The Government has three of such deals with the AG Dangote and NLNG, and would account for millions of Naira in tax revenue.
The Nigerian government has reviewed the tax-incentive to a subsidiary of Dangote Group, AG Dangote Construction from five years to 10 years. This is for various construction projects undertaken on behalf of the government.
This deal was disclosed by the country’s Minister of Power, Works and Housing, Mr Babatunde Fashola over the weekend while speaking at a Construction Conference in Lagos.
“The five-year limit on that tax order to a 10-year period to sustain private investment in road infrastructure, because it is a long-term asset,” says the minister.
On the legality of the deal, the Companies Income Tax (Exemption of Profit) Order 2012 allows for such provision.
“…where a company provides an infrastructure of a public nature (which it can also enjoy for its own benefit), 30% of the cost of the infrastructure will be granted as a tax-deductible expense…”
The latest deal has triggered a debate about the appropriateness of these deal, especially the tax incentives. Many hold the opinion that such move would assist closing the huge infrastructural gap in the country.
Others stated that it is a way of further expanding the wealth and business empire of the Africa’s richest man.
The Gains and Losses to the Government and the People
For the Federal Government, the gains are in the area of saving the cost infrastructural development, one which it does not have. This thus create a more conducive business environment to drive economic growth.
The Apapa port is the biggest port in Nigeria and having a good road would positively impact the economy. Completion of the road may open-up some revenue channels that were hidden by the bad state of the roads.
Use of concrete in road construction would increase the length of life of these important business routes. Also, it would save a lot of funds that would be needed for remedial work as common with roads built with asphalt and bitumen.
This would help the release of money for other infrastructural developments. as decline in government’s oil revenue persists.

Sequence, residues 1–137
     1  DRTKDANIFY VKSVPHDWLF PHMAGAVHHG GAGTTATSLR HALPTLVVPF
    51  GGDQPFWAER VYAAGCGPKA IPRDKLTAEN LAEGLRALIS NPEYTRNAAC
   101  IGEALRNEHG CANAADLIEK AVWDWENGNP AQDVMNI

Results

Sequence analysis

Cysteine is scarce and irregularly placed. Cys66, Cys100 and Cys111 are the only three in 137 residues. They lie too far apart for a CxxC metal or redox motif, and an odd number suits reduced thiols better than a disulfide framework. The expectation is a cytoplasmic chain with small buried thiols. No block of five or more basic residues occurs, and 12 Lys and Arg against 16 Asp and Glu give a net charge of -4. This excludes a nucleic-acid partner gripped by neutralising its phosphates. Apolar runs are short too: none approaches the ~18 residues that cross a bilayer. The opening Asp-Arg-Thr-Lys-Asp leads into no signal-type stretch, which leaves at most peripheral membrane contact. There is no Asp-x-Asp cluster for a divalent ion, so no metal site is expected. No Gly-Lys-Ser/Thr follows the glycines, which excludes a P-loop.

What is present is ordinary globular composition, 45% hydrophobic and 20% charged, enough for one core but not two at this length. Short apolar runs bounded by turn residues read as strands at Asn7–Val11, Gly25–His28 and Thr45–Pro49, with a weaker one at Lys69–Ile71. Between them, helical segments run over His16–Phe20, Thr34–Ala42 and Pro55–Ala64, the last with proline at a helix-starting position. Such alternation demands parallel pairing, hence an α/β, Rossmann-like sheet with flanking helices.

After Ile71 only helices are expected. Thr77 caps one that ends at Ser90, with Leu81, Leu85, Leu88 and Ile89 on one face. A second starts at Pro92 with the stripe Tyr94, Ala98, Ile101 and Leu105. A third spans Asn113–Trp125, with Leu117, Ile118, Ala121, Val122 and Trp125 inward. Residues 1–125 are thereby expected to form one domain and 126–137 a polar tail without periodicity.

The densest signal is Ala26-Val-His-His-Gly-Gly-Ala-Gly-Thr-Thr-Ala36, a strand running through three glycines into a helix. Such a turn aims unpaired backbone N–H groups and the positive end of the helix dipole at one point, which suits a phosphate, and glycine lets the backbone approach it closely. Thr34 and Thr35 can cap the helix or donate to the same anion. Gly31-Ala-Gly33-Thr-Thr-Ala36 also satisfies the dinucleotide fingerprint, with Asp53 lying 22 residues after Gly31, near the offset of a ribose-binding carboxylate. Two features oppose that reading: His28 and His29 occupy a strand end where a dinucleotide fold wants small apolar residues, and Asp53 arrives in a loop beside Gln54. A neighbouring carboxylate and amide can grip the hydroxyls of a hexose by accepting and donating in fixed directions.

For the cost that accompany these deals, the government may have to deal with a reduction in its tax revenue as tax incentivized deals with big firms like Dangote, would mean a huge revenue loss to the government.
This is something the government needs dearly during this era of low oil revenue.
Low revenue profile would adversely affect the regional governments that rely on allocation from the Federal Government. Thus, worsen already precarious social-economic conditions in these states.
This fear was also expressed by the Action Aid and Tax Justice in 2015 about the spate of tax incentives in Nigeria and other West Africa region.
“Our research shows that three countries alone – Ghana, Nigeria and Senegal – are losing up to $5.8 billion a year. If the rest of ECOWAS lost revenues at similar percentages of their GDP, total revenue losses would amount to $9.6 billion a year [due to tax incentives offered to foreign companies].” – says Action Aid and Tax Justice Network Africa
Many have also stated that business incentives such as this have proved to be less effective and wasteful as they tend to create more wealth for the few individuals and increase the income gap in the country.
If the revenue situation does not improve, the federal and state governments may be forced to introduce more road taxes on most of these roads. Thus, becoming double taxation for the people and finally eroding any welfare improvement gained from such projects.
These are some of the costs to the government which would be extended to the people in form of welfare loss.